Despite strong pushback, the MBTA is barreling ahead with significant service reductions for early next year, cutting the frequency of subway and bus trips, some commuter rail weekend service, ferry schedules, and more in a move to reduce costs amid a pandemic-fueled budget crunch.
With a 3-2 vote that capped off months of planning, public outcry and debate, the T’s Fiscal and Management Control Board on Monday approved virtually all of the changes that MBTA staff had proposed, resurfacing long-simmering frustrations over the transit agency’s funding and leaving unclear when or how services will be restored.
The board made a handful of changes aimed at keeping some commuter rail service after 9 p.m., setting a target date for determining if the agency needs to increase service, and ensuring that fare hikes — which had not been recently proposed — will not factor into the agency’s upcoming budget deliberations.
Cuts set to hit in January and March are scaled back from an earlier proposal and aimed only at the second half of fiscal year 2021. MBTA officials plan to decide in the spring whether to keep them in place, restore some service, or implement additional cuts in FY22, which begins July 1.
“Part of the reason why we have somewhat bifurcated the decision-making in this process is we want to see what we learn over the next few months,” MBTA General Manager Steve Poftak told reporters ahead of Monday’s meeting.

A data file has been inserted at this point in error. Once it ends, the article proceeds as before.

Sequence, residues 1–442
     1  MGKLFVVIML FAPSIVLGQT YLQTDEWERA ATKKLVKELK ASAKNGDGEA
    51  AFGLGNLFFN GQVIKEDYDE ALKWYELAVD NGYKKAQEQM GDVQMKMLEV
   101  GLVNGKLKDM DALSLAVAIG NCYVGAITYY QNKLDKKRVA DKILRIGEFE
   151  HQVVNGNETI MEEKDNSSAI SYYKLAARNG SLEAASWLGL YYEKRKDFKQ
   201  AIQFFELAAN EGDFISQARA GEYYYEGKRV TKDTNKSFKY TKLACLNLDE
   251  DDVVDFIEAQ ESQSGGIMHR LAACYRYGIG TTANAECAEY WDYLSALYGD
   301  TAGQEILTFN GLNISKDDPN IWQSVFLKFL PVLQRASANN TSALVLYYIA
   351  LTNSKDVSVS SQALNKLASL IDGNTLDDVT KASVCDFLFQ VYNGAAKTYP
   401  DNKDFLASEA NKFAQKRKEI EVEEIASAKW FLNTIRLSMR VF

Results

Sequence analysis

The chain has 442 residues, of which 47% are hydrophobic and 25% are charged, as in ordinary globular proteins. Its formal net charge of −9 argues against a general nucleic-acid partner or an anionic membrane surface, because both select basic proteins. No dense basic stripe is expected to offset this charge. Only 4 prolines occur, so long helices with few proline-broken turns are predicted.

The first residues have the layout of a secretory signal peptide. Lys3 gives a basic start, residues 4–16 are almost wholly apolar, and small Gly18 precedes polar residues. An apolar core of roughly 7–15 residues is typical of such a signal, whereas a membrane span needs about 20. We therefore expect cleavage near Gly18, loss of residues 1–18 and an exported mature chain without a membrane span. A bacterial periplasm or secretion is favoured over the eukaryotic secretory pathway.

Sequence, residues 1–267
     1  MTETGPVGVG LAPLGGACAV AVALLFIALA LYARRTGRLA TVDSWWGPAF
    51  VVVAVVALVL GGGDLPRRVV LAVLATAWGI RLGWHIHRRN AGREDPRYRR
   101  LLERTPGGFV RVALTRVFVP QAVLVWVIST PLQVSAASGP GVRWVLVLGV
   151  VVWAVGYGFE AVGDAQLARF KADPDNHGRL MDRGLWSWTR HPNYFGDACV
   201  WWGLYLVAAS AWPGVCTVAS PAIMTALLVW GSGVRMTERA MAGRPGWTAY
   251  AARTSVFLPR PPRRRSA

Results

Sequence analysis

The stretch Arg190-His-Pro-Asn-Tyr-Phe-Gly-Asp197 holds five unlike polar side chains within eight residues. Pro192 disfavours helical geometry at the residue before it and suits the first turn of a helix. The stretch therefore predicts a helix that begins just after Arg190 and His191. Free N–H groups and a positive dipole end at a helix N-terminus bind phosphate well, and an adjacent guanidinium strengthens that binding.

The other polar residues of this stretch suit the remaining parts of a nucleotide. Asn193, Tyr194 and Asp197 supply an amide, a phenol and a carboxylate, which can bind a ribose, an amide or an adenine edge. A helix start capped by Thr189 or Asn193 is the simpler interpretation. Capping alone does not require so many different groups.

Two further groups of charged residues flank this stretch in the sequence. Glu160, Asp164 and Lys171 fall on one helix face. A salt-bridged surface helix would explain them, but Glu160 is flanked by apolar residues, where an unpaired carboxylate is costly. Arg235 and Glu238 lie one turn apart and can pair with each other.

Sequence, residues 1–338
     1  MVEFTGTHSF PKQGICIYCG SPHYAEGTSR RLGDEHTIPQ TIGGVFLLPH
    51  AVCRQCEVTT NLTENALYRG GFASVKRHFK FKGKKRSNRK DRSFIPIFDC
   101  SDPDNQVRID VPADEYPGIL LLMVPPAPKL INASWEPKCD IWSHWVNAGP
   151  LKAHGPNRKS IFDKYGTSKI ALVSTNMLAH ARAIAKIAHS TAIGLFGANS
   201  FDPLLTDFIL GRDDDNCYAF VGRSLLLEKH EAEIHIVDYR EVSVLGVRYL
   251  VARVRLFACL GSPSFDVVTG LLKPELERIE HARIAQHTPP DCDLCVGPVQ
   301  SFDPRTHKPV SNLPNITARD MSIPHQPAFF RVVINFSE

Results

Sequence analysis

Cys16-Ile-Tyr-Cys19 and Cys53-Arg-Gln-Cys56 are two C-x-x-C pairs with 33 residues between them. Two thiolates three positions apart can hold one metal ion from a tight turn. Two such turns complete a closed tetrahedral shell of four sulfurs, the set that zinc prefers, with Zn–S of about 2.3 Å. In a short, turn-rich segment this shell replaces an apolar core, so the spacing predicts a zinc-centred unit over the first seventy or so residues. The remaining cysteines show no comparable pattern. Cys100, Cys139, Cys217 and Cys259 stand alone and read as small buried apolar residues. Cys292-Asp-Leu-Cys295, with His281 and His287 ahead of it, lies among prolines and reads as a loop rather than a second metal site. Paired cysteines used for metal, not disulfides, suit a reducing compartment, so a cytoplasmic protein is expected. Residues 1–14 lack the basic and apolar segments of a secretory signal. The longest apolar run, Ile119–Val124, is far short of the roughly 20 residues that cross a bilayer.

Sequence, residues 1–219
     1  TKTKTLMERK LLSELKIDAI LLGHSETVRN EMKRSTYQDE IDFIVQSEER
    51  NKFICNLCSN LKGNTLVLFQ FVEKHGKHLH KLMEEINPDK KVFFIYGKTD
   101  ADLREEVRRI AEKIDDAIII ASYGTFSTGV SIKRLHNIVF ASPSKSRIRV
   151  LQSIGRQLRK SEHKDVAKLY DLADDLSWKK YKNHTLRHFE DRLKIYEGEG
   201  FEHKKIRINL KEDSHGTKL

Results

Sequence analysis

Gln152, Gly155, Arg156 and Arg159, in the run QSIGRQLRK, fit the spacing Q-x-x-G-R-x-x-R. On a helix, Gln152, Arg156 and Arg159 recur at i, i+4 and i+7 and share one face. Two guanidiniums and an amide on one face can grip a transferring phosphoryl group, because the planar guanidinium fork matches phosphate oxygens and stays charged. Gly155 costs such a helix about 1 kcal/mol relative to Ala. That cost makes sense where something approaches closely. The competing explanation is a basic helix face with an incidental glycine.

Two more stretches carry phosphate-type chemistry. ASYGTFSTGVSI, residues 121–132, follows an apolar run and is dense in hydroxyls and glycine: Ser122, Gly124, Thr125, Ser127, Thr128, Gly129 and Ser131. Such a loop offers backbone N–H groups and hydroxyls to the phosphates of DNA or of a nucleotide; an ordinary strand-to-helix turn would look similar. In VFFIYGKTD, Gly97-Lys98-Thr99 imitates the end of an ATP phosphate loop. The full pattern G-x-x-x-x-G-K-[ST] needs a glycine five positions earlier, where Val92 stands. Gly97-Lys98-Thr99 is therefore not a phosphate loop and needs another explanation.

Under the plan unveiled and approved on Monday, the T will halt weekend commuter rail service on all but five lines starting in January, as well as reduce Hingham and Hull ferry service and cut all Charlestown and Hingham direct ferry service to Boston. Weekend service will remain available, but less frequent, on the Worcester, Providence, Newburyport/Rockport, Middleborough, and Fairmount Lines, which officials say together represent about two-thirds of the commuter rail’s COVID-era weekend ridership.
Other major changes will hit in March: 20 bus routes will be eliminated; frequency will drop 20 percent on non-essential bus routes and 5 percent on essential bus routes; gaps between Red, Orange, and Green Line trains will increase 20 percent; Blue Line trains will run up to 5 percent less frequently; and more commuter rail cuts will arrive, including possible reductions in service after 9 p.m.
Commuter rail operator Keolis cut the system’s weekday schedule by more than half this week to cope with a Covid-fueled staffing shortage. Citing “low employee availability because of Covid-19 absences,” the company said it would slash regular weekday service from 541 trains to 246 trains for at least two weeks. The change went into effect on Monday.